I love autumn in Washington, DC. As we reach the latter half of September, the oppressive summer humidity finally abates, there is a new crispness to the morning air, and the WatchBuys Road Show comes to town. That last one has become one of my favorite traditions, and if you love watches, it should be yours too.
WatchBuys is an authorized U.S. dealer for several German bands including Sinn, Nomos Glashutte, Hanhart, Junghans, Dornbluth & Son, Jochen Benzinger, Thomas Ninchritz, Stephan Kudoke, and now, their first Swiss brand, Fortis. Owners Tim and Rob hail from North Carolina, but they have no brick and mortar store. All sales are online, so they bring their inventory around the country one a year for a little show and tell, allowing prospective buyers to really get a feel for the products.
The event is free but tightly controlled. Several sessions are scheduled over a period of two to three days at a private venue, the location of which is only released to registered attendees. Once inside, you will find tables full of fabulous watches. You can't buy a watch at these shows, but in a way, that is even better as there no pressure to buy. You can just relax, browse, and take advantage of WatchBuys encyclopedic knowledge.
If you would like to attend a Road Show near you, or to suggest a city for them to visit, head to their page and sign up. While you are waiting for them to come to your town, enjoy this selection of my personal favorites.
WatchBuys is the official North American Sinn dealer, so the famed German brand was more than adequately represented, like this 103 St Matte, which marries the iconic 41mm automatic mechanical chronograph with a no-nonsense, bead blasted case and bracelet. It features a domed acrylic crystal and 200m water resistance. It sells for $2190.
The special editions also included this pair of 38.5mm models 556 Red. Both are distinguished from the standard 556 by their display case backs and red second hands. The 556 A Red in the background has a matte dial, and the 556 I Red in the foreground has a glossy lacquer dial. Your choice for $1180.
Those looking for something larger might like the 43mm 757 Black. For $3340, you get true pilot's tool watch with a Tegimented PVD case and bracelet for extra hardness and scratch resistance, antimagnetic iron core, copper sulfate humidity control, sapphire crystal, and 200m water resistance.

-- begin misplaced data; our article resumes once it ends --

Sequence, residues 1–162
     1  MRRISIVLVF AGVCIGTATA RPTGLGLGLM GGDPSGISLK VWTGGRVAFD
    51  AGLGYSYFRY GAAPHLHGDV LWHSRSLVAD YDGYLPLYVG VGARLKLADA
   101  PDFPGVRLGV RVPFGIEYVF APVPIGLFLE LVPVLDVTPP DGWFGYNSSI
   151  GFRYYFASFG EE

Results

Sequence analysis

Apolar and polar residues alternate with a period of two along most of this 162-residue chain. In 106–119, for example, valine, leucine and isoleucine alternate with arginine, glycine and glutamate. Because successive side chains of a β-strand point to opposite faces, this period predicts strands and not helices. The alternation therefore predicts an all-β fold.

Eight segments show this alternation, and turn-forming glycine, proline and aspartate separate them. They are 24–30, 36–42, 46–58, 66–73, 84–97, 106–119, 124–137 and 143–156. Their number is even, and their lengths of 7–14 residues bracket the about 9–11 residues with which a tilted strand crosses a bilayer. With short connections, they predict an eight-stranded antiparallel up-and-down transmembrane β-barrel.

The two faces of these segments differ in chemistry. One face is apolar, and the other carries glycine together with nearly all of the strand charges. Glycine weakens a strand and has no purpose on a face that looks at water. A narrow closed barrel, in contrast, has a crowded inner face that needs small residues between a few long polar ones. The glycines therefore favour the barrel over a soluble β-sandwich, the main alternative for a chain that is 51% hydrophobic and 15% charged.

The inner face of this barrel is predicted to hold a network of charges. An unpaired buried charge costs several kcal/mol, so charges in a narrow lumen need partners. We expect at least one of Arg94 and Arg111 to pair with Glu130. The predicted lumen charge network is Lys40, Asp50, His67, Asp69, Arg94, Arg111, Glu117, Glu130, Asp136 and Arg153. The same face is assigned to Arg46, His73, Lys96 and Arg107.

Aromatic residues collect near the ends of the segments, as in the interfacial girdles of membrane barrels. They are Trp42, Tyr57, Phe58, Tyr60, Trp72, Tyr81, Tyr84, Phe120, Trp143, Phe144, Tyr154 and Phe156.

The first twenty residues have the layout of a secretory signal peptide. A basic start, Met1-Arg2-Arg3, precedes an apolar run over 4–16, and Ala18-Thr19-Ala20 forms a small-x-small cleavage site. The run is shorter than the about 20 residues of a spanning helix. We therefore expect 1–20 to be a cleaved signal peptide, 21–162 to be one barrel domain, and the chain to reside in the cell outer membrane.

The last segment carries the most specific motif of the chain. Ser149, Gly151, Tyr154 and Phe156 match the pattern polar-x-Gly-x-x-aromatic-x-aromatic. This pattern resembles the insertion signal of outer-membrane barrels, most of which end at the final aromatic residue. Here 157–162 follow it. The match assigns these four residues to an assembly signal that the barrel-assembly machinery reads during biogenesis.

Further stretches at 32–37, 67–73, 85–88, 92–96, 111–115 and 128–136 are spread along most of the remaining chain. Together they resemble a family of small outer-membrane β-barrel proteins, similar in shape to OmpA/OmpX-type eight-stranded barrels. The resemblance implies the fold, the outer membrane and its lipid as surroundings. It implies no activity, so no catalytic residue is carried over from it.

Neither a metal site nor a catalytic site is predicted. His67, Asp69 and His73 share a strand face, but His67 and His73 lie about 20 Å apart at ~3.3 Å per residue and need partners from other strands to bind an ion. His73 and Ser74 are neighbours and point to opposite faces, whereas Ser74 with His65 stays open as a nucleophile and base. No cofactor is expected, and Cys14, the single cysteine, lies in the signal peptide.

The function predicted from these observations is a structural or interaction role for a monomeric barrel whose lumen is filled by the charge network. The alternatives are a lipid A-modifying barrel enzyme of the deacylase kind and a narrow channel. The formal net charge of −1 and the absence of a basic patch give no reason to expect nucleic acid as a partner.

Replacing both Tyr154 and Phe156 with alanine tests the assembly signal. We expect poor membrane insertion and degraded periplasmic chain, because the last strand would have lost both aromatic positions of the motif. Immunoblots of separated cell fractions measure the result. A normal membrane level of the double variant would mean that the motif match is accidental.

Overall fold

Dive watch fans were not left out. The outstanding $2270 UX EZM 2 B HYDRO was back. This 44mm, 5000m (yes, 5k!) diver has a 44mm antimagnetic case of submarine steel, a Tegimented bezel, and a quartz movement, but the best part is that the watch is flooded with oil for a completely glare-free view. The hands and markers almost seem as if they are painted on the crystal. Very cool.
For something truly unique, try the 1800 S LE Damaszener. It is constructed of Tegimented Damasus steel for magnificent grained appearence. It costs $7360 and only 100 were made.
Just in case you thought Sinn didn't have a wild side, check out this U1 Camouflage limited edition that debuted at BaselWorld this year. Is a 44mm brute in submarine steel with a Tegimented bezel. Water resistance is 1000m and the black markers and hands are SuperLuminova. Only 500 are available worldwide. For $2230 you can have one for your next commando mission.
It is also available in blue with large knurled lunettes.
Released at BaselWold earlier this year, the Fortis Aviatis Stealth Chronograph sports a 42mm PVD black case, vintage lume, and an automatic movement for $2570.
The Junghans selection included their iconic Max Bill line of Bauhaus timepieces, but also some sportier numbers like this Meister Pilot Chronograph Classic. A new release from BaselWorld, it is 43.3mm wide with an automatic movement, domed sapphire crystal, and a design derived from the 1955 J88 Bundeswehrchronograph. I particularly liked the scalloped bezel. The watch is $2465.
The Junghans Meister Telemeter Chronoscope is another vintage inspired piece. This automatic mechanical chronograph harkens back to the 1950's with its domed Plexiglass crystal and detailed, silver-white dial that uses both Telemeter and tachymetre displays. It measures 40.8mm wide and 12.6mm thick. WatchBuys lists it for $2190.
WatchBuys carries a number of true, handcrafted watches. These highly decorated pieces are always a treat, like this $5380 Thomas Ninchritz Vice Versa II in rose gold. The movement is completely inverted, placing the movement functions and the dial on the same side. It is decorated with Côtes de Genève and perlage patterns, blued screws, screwed gold chatons, and a hand-engraved balance cock.
Stephan Kudoke electroplated his the bridges on this movement to achieve the dark colors in the aptly named Black Beauty ($5970). A sharp eye will notice the letter K cut away in the upper right, and the rich detailing of the hand engraved patterns.
Hanhart's signature red button is in full effect on this blue Racetimer GTM single-button chronograph. The automatic chronograph movement has been modified to use a single button and to push the registers to the outer edge of this 45mm instrument. It is water resistant to 100m and sells for $3260.
At $1140, the Hanhart Pioneer Preventor 9 was one of the most affordable watches at the show. The watch is 40mm wide with a matte black dial, satin finish case, and sapphire crystal. It is the only watch in the lineup that is not a chronograph. Its mechanical automatic movement has been modified by Dubois Dépraz to reconstruct the small seconds to 9 o'clock – just like the original Hanhart Calibre 41 it honors.